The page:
The 9 of Swords shows Juliet in the play Romeo & Juliet (1597) by William Shakespeare, specifically Act IV, scene III.
She is as A. E. Waite describes, “One seated on her couch in lamentation, with the swords over her. She is as one who knows no sorrow which is like unto hers. It is a card of utter desolation”.
According to the Golden Dawn Book T, to which Pamela probably worked, the 9 of Swords signifies;
“Despair, cruelty, pitilessness, malice, suffering, want, loss, misery …” and also “subtlety and craft, dishonesty, lying and slander.”
If the card is better “dignified” by the cards around it in a reading, Book T also suggests it can be more positively read as “obedience, faithfulness.”
So Pamela has painted it to signify despair & loss, sometimes from cruel communications.
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If we look at the card, we see in the carving below the bed a man looking to be beating another man who lies prone.
This has sometimes been suggested as the biblical myth of Cain and Abel, the two brothers, one of whom beat the other with a weapon lying on the ground, possibly a bone.
Now read Juliet’s monologue in this scene, as she wakes in her bed, and sits up, distraught, just before she drinks the sleeping draft.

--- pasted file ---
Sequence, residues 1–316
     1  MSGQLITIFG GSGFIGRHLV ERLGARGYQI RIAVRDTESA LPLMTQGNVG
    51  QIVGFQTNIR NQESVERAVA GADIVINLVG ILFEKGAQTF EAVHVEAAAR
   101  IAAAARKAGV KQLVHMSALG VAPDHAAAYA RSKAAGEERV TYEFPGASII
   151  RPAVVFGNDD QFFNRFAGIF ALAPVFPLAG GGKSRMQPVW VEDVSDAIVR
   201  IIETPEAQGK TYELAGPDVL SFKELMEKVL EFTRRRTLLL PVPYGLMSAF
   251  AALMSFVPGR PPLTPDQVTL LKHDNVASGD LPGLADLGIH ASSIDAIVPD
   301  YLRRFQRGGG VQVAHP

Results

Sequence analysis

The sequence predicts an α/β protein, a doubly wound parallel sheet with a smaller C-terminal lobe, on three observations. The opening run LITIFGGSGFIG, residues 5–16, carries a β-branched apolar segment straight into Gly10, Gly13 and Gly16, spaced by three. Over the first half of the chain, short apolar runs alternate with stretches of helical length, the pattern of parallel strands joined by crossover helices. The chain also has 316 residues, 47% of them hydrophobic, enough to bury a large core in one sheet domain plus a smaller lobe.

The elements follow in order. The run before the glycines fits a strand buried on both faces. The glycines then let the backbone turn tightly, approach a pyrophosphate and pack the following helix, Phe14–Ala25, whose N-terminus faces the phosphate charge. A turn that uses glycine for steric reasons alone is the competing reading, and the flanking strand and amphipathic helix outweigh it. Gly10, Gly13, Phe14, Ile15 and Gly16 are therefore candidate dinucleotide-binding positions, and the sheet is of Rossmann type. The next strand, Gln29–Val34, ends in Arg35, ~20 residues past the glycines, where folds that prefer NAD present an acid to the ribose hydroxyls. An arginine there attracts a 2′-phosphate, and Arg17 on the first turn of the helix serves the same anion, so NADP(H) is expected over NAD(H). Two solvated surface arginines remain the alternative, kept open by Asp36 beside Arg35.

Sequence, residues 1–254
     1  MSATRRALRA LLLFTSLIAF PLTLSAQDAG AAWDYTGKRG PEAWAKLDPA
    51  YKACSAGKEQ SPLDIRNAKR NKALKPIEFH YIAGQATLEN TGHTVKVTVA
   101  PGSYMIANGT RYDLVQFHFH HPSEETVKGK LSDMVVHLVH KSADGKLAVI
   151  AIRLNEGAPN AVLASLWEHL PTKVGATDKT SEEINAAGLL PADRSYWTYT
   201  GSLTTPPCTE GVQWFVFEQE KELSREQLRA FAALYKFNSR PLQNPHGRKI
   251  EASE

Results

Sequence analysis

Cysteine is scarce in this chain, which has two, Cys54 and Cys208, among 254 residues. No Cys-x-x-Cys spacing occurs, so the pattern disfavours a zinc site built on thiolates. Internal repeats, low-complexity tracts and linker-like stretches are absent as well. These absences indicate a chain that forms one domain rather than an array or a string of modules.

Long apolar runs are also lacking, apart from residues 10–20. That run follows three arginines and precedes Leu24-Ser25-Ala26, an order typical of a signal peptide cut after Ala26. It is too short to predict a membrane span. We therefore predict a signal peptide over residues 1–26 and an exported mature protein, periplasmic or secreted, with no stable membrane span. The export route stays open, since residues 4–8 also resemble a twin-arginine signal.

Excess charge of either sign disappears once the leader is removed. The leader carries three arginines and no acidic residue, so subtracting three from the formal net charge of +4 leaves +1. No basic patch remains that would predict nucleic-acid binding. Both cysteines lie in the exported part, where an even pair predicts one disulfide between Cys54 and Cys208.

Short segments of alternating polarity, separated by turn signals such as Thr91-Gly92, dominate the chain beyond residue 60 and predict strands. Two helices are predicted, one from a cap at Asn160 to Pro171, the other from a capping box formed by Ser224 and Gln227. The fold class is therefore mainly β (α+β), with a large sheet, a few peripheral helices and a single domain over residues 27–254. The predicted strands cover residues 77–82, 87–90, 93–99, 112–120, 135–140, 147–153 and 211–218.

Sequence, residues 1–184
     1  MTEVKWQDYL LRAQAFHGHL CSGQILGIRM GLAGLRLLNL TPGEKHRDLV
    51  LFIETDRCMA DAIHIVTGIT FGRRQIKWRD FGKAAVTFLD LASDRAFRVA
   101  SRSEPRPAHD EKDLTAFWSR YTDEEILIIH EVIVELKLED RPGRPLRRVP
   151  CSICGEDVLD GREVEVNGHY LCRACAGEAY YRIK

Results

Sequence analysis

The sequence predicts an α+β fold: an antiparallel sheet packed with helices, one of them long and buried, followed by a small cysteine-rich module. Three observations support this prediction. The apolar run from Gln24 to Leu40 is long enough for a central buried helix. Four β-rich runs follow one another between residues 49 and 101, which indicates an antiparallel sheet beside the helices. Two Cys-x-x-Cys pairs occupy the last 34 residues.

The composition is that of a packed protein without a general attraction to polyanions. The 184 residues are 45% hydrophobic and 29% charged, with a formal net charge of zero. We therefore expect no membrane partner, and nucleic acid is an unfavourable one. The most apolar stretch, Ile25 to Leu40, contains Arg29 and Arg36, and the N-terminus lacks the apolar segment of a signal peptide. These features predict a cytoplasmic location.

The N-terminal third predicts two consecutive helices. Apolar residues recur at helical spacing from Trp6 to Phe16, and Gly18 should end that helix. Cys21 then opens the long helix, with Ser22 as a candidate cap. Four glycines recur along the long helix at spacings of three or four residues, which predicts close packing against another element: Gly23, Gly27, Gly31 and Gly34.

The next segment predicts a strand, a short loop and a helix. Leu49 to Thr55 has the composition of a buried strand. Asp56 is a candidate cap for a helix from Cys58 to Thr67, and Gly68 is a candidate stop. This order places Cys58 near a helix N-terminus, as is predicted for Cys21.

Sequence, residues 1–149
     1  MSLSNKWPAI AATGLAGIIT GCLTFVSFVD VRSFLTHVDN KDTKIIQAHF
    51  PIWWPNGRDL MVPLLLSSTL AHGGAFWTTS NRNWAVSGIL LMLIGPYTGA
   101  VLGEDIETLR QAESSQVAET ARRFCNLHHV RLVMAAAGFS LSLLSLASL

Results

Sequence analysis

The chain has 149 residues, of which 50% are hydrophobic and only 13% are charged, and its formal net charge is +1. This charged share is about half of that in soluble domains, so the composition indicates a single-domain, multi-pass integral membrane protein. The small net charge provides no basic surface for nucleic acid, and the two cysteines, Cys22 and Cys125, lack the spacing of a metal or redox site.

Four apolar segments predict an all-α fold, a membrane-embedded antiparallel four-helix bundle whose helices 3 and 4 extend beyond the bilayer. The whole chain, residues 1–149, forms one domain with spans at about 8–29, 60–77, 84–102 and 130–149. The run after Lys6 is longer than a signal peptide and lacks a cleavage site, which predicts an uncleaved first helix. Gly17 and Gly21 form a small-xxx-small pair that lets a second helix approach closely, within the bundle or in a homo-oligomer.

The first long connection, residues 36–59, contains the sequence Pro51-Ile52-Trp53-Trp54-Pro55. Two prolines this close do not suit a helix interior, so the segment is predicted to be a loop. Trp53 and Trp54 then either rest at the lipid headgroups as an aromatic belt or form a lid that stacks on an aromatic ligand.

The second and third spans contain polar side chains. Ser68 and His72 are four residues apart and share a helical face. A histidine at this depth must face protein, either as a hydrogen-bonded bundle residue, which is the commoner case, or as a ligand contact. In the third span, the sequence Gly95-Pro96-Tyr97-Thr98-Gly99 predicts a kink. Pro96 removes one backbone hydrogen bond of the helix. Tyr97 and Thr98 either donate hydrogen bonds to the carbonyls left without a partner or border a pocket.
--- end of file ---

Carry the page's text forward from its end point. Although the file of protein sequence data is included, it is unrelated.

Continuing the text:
Romeo and Juliet, Act IV, Scene 3.
O, if I wake, shall I not be distraught,
Environed with all these hideous fears?
And madly play with my forefather’s joints?
And pluck the mangled Tybalt from his shroud?
And, in this rage, with some great kinsman’s bone,
As with a club, dash out my desperate brains?
O, look! methinks I see my cousin’s ghost
Seeking out Romeo, that did spit his body
Upon a rapier’s point: stay, Tybalt, stay!
Romeo, I come! this do I drink to thee.
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Pamela, influenced by her theatrical life with Ellen Terry and Henry Irving, two of the greatest stage actors of the time, drew deeply upon Shakespeare, the world’s greatest playwright, to design the world’s most popular tarot deck.
That is why it is capable of telling any of life’s stories in every reading.
The points of the Swords do not fit into the design deliberately, because despair literally has no point and feels like it is never-ending. This card is the darkest hour before the dawn.
The quilt contains a rose and zodiacal/planetary design but like other examples (such as the Geomantic symbols on the Charioteer) Pamela is not consistent nor particularly versed in their design or correspondences.
The quilt symbolises the passing of time which is the only thing that can comfort such pain and despair if it is allowed to happen.
As this card is also the “9” (Yesod) of “Swords” (Atziluth) in the Kabbalah, it signifies the battle between the mind and the ego/personality.
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Learn More about the meanings of this card in everyday readings in Secrets of the Waite-Smith Tarot and over at our free sister-site, My Tarot Card Meanings where you can also download a free guide to card meanings and spreads, Keys to the Tarot by Andrea Green.